ISLAMABAD: Prime Minister Shehbaz Sharif said on Thursday the country’s parliament would decide the schedule for next general elections while extending an olive branch of dialogue to former premier Imran Khan’s Pakistan Tehreek-e-Insaf (PTI) party despite political differences with it.
The prime minister was addressing the National Assembly hours after Khan called off his anti-government protest in the federal capital while asking the government to dissolve the assemblies and announce fresh elections within six days.
Sharif said there was no room for “chaos and anarchy” in the country, adding that his administration was doing its best to revive Pakistan’s fragile economy.
“This house will decide when to hold elections,” he said while referring to Khan’s six-day deadline. “Your dictation will not work.”
The prime minister also emphasized the need for dialogue to sort out all outstanding political issues.
He said his coalition government would continue to address the challenges faced by the country and try to strengthen its economy.
Sharif criticized the PTI leaders for allowing their party workers to clash with law enforcement personnel while applauding the security forces for diligently performing their duties.
Earlier in the day, Pakistan’s top court dismissed the government’s petition seeking contempt of court proceedings against Khan for what it described as a violation of the court ruling.
The Supreme Court on Wednesday ordered the federal government and PTI to constitute negotiating committees and meet at 10pm to finalize modalities for peaceful and safe conduct of Khan’s long march to the capital.
However, the negotiations were not held as both sides claimed the other’s representatives did not show up.
The court had also ordered the government to designate a spot in H-9 sector where the protesters could rally. However, PTI workers and supporters converged at D-Chowk near the parliament building instead, and Khan held his rally at Jinnah Avenue.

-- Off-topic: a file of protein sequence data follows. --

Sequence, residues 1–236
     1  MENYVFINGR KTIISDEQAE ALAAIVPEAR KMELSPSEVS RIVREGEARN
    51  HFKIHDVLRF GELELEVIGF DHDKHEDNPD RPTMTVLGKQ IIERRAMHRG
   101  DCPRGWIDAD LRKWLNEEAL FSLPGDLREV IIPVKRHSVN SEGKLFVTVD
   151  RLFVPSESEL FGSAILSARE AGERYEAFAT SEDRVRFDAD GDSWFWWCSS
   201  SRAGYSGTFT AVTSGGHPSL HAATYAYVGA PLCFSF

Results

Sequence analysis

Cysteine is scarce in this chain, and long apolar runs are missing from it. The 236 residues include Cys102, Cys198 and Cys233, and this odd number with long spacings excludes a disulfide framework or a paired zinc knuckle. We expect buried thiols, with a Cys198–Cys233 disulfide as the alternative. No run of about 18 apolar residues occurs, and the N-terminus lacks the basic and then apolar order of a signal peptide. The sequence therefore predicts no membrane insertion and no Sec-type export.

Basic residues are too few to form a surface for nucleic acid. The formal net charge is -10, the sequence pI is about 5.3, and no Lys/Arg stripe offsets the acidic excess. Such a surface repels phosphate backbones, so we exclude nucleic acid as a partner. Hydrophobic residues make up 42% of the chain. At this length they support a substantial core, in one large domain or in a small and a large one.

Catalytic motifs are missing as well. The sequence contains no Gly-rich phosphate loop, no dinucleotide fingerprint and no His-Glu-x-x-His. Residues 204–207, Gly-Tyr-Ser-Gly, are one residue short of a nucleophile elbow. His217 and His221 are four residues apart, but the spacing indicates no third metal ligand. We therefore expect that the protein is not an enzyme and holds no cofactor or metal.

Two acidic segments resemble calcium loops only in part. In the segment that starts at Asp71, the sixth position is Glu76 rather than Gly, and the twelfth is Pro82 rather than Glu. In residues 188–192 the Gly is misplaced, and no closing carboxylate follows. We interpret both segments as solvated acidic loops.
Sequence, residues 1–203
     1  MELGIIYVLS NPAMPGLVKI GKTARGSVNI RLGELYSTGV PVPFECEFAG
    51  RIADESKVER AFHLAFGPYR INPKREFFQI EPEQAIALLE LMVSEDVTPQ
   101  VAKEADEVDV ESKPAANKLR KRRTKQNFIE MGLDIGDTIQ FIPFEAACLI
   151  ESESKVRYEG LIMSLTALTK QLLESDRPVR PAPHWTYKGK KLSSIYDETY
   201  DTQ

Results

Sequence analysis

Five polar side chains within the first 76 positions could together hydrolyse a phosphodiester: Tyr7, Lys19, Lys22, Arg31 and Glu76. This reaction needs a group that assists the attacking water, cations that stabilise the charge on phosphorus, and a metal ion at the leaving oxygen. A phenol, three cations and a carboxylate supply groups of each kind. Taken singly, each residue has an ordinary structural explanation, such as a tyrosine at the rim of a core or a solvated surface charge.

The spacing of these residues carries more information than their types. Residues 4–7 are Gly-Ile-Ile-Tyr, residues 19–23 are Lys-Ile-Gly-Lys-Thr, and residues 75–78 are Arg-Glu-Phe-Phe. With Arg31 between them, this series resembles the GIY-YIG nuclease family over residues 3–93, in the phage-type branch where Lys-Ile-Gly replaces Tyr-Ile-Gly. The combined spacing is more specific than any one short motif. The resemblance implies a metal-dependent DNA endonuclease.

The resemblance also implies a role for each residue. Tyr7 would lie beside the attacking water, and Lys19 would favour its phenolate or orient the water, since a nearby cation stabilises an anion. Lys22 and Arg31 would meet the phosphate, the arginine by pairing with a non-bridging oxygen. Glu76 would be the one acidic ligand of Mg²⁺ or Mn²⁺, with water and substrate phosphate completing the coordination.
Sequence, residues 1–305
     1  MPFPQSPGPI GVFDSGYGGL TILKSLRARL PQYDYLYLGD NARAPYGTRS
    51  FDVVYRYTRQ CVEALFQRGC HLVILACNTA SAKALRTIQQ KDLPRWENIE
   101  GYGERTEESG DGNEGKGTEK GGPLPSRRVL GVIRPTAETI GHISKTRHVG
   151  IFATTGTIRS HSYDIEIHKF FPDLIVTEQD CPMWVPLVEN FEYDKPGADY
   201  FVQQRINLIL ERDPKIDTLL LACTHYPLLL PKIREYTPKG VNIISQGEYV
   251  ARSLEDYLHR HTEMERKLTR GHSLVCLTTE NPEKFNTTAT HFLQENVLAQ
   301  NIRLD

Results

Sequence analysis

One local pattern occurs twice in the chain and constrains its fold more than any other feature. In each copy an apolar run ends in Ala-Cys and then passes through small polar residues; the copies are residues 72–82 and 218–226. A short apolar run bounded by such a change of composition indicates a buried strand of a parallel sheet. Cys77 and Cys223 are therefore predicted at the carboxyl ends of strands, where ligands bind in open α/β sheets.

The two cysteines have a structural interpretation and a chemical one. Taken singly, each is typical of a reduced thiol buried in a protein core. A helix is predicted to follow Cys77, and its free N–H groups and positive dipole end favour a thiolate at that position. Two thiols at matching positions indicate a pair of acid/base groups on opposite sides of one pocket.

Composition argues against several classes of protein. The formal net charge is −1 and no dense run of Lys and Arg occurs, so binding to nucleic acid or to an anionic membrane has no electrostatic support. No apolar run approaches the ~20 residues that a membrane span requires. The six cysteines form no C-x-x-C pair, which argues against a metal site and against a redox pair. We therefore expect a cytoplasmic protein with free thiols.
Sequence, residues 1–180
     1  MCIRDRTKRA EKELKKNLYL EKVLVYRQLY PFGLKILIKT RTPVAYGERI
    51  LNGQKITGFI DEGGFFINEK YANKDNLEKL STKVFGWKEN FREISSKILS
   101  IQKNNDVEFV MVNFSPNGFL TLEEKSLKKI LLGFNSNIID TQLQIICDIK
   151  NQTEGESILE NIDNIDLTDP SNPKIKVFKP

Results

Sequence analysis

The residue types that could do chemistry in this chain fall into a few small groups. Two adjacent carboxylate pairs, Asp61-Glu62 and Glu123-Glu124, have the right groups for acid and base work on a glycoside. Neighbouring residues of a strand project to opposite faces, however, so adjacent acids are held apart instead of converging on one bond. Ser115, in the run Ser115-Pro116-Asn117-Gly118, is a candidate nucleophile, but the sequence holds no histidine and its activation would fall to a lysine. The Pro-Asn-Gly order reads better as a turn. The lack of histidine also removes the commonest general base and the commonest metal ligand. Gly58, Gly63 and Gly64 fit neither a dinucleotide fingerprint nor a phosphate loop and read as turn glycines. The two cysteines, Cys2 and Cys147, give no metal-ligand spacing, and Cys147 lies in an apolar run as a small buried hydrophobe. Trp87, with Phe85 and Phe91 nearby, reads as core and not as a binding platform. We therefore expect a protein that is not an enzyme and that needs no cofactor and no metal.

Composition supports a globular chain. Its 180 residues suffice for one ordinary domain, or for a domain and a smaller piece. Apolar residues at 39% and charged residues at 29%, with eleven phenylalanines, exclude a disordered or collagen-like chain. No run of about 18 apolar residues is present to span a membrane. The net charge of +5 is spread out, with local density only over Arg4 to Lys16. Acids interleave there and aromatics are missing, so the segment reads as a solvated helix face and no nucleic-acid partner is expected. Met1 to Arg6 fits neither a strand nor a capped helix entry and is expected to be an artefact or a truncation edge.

A five-member bench of the apex court heard the government’s petition and dismissed it, saying it would give its reasons in a detailed verdict to be released later.
On Thursday morning, thousands of PTI supporters, who had gathered at D-Chowk after arriving from different parts of the country, dispersed peacefully following Khan’s address to them.
The speech followed a long political drama that included clashes between demonstrators and police, and arrests of hundreds of Khan’s supporters across the country.
“We are leaving for our homes now, but will come back again on Khan’s call to topple the government,” Hassan Shirazi, a demonstrator from Pakpattan city, told Arab News.
Shortly after the protest ended, the Islamabad district administration started removing shipping containers to unblock all roads in the federal capital and adjoining Rawalpindi city.
Police and other law enforcement personnel requisitioned from other provinces were also seen packing up and boarding buses to go back to their stations.
The administration also reopened Jinnah Avenue, which became the main protest venue, and all other roads in Islamabad, including Srinagar Highway and Islamabad Expressway.
Entry into the Red Zone, which houses important buildings like parliament and the Supreme Court, is however still restricted and only allowed from Margalla Road.